Tuesday, March 31, 2015

Shades of Grey

My friend, Kelly, calls me a "shades of grey" person.  I like that she notices, because that's how I view myself.  My world is full of grey.  I was much more certain of things when I was younger.  With each "trip around the sun," as John says, I find the world is more complicated.

I'm reminded of this at the moment because April is "Autism Awareness Month."  I follow multiple autism facebook pages and blogs, and read a great deal in the news on the subject.  The subject of Autism Awareness has become controversial.  Thoughts range from autism research and support groups looking for cures and therapies, to autistic bloggers and advocates who want everyone to embrace autism as a neuro-diversity issue.

Me, I'm in the middle once again.

When Alex was first diagnosed with autism, there wasn't much of a conversation at all.  Autism was relatively unknown, and the incidence rate was thought to be 4 in 10,000.  I didn't like much of what I read, so John and I were left to figure things out on our own.  Very early on, we knew that chasing every promised "cure" was a potentially dangerous endeavor.  At the core, we never wanted Alex to feel that we had to "fix" him because he was "broken."  Every "therapy" we pursued or designed  was to make his life more manageable and to help him feel secure and loved.  Some behaviors we worried about when he was younger, we no longer worry about.  We don't care if it bothers people when he flaps or vocalizes.  He is who he is.  We ask him to be respectful in a restaurant or theatre because we think it is important, but Alex's behavior may still look different from other people's. We're okay with that. 

So I do bristle at the thought that he has to be fixed.

On the other hand, I can't simply embrace his differences as a matter of neurodiversity.  His autism often makes his life harder for him.  When he was going through puberty and would have episodes of self-injurious behavior so severe he would rupture blood vessels in his eyes and bruise his own face, that's not just a difference.  His autism means we can't communicate with him about his cancer and aren't sure what he's experiencing or even if we're supporting him in the way he wants to be supported.  Autism has often been unkind to Alex.  He won't go to college, marry, have children, or even live completely on his own.  So no, I can't jump on the bandwagon that says all is well, embrace the diversity.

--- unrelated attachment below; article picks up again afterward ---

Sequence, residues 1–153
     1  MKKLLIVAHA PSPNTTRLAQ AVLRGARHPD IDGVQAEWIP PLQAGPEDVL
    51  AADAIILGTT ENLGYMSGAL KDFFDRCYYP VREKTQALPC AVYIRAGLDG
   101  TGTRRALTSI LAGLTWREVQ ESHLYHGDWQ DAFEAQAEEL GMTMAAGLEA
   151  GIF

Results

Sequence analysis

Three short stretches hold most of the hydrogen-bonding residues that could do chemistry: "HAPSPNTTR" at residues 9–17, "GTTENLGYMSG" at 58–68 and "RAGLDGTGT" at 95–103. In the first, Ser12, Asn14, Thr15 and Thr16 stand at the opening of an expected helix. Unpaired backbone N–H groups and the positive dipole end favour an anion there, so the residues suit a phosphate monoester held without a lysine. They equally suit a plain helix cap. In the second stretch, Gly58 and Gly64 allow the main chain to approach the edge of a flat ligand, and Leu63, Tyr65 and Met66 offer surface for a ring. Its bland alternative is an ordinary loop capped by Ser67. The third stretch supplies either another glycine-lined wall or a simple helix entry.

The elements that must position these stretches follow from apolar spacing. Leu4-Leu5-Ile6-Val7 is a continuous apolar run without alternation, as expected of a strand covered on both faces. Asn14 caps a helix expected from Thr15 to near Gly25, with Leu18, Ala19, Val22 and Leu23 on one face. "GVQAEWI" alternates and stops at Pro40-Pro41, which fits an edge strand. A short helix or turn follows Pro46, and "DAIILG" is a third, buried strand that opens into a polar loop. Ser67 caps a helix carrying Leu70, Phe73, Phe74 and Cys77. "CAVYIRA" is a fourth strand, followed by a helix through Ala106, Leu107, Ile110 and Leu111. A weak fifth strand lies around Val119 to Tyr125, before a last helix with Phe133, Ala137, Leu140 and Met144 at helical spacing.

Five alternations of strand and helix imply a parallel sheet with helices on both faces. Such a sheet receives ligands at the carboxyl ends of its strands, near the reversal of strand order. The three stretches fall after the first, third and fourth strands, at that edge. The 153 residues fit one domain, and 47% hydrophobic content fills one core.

So what do I wish people knew about autism?  I wish they knew that sometimes autism is cruel.  It is cruel to the individual and to the family.  It robs us of our dreams.  I also wish they knew that being different is okay.  I wish they knew that the success stories aren't only the ones where children become "indistinguishable from their peers."  Success can be a young man living away from his parents, establishing relationships that mean something to him with roommates, co-workers, friends, and caregivers all of whom are outside of his family.  Alex isn't only his autism but, at the same time, it is an integral part of him.  I wish his life were easier, but I don't wish him to be different.

Alex's life has value.  He is a worthy person who contributes to the world around him.  People often tell us that Alex is lucky to have us.  They've got it wrong.  We're lucky to have him.

Shades of Grey by the Monkees.  Give it a listen.


Sunday, March 29, 2015

Clipboards in the Waiting Room

March 29, 2015

This week there were two clipboards in the waiting room.

The "clipboards" are the new cancer patients.  They get a clipboard and a stack of forms to complete.  I recognize the wide-eyed, vacant look in their eyes.  That was me a few weeks ago.  That was us.  Now everyone in the office knows our names.

We were the new clipboard family six weeks ago.  John, Jessica, Alex, and I were all together.  The paperwork is always my job.  Jessica and John found a place to sit.  Jessica found a bench, where she could literally and figuratively attach herself to her brother.